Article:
This Advent season I am going to reflect on a hymn or carol daily as part of my spiritual practices. I am not sure where all these reflections will take me, but in conversation with my spiritual director, I am going to leave room for both “the head stuff” and “the heart stuff.” Some days might be more of one or another. I invite you to join me, as together we make space to listen, and be present, to sense what God might be up to.
Today’s a big day in my family. My dad is celebrating a great birthday this year, starting another decade of life. With this in mind, “Once in Royal David’s City” seems perfect today, not just because of the play on words with my dad’s name. It’s a beautiful and familiar tune and text describing the Christmas story, and it reminds me of past Advents and Christmases in my family.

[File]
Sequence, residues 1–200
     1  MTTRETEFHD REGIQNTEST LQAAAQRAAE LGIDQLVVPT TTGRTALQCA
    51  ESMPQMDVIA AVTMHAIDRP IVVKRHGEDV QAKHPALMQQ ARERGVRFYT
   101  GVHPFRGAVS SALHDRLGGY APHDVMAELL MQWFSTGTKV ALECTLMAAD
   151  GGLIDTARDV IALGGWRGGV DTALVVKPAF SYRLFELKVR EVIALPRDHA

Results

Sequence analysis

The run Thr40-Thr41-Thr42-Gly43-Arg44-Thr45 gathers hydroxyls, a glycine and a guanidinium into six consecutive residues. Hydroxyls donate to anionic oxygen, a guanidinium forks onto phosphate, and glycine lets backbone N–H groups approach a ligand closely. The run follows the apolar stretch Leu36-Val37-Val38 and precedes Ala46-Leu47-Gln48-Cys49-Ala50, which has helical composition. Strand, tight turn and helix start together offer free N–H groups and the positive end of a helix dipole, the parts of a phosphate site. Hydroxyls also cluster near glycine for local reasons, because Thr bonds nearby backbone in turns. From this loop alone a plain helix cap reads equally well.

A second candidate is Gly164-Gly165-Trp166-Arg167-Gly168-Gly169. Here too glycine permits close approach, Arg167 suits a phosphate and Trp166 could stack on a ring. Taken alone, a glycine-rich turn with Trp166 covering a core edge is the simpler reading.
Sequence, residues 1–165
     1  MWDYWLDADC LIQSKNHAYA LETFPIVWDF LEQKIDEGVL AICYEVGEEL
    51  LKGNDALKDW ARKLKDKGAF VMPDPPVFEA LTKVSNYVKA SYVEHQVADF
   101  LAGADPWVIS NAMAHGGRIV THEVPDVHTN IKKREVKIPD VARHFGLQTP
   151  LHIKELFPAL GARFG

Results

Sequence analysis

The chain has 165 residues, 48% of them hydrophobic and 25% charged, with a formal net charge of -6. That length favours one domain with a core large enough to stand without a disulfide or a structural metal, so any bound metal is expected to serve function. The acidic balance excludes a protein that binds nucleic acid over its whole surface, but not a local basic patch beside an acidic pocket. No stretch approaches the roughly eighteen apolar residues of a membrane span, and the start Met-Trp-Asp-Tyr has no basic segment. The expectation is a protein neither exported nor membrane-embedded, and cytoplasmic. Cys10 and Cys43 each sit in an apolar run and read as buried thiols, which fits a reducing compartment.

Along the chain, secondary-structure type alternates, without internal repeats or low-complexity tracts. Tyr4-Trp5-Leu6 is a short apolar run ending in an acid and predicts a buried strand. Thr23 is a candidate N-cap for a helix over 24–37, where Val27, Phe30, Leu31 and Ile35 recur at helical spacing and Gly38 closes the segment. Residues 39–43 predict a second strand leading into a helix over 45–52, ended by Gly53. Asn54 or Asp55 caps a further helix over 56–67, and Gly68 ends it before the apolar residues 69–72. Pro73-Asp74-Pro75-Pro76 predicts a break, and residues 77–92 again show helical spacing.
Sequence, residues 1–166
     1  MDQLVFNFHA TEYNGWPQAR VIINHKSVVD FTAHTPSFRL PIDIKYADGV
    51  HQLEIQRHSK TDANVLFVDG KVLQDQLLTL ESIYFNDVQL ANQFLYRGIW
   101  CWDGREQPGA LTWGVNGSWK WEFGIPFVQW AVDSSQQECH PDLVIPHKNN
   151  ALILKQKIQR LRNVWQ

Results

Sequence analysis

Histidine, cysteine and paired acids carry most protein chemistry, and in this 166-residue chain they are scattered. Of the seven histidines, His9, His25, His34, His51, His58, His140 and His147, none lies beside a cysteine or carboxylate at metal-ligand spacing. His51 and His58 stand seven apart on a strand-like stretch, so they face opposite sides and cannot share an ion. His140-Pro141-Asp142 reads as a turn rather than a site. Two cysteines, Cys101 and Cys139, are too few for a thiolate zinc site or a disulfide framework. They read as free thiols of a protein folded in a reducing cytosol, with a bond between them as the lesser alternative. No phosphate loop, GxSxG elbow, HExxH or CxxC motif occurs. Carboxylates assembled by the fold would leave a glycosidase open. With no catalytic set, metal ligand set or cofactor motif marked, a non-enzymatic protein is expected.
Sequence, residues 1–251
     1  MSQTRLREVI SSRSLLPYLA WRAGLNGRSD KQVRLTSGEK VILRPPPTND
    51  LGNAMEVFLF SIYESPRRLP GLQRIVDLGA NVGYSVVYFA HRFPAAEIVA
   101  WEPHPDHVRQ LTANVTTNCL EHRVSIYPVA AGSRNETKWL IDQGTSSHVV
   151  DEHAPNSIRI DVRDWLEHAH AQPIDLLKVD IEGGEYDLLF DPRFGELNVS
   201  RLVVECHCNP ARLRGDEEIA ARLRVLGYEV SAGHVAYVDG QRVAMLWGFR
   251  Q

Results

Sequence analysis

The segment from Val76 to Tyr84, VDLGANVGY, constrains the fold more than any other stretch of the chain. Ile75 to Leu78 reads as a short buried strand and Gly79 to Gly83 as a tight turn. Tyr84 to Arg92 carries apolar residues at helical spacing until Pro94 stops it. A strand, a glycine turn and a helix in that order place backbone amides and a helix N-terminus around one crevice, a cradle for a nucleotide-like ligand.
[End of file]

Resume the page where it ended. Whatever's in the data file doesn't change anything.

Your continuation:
Once in royal David’s city stood a lowly cattle shed,
where a mother laid her baby in a manger for his bed:
Mary was that mother mild, Jesus Christ, her little child.
My grandparents collected nativity sets (or crechés) throughout their life and ministry together. That love for them, and love for Christmas decorations was passed down to my parents, and I must confess, to me too. Every year, right after Thanksgiving it was always time to figure out our game plan for when and how the decorating would happen during Advent. The inside decorations could go up most anytime. But the outside decorations took some extra work and planning, because in the Pacific Northwest, you don’t really want to be putting up lights and displays when it’s raining, because it makes it that much harder to have things stay put; for you to stay warm; and to effectively weather seal outlets and plugs with electrical tape.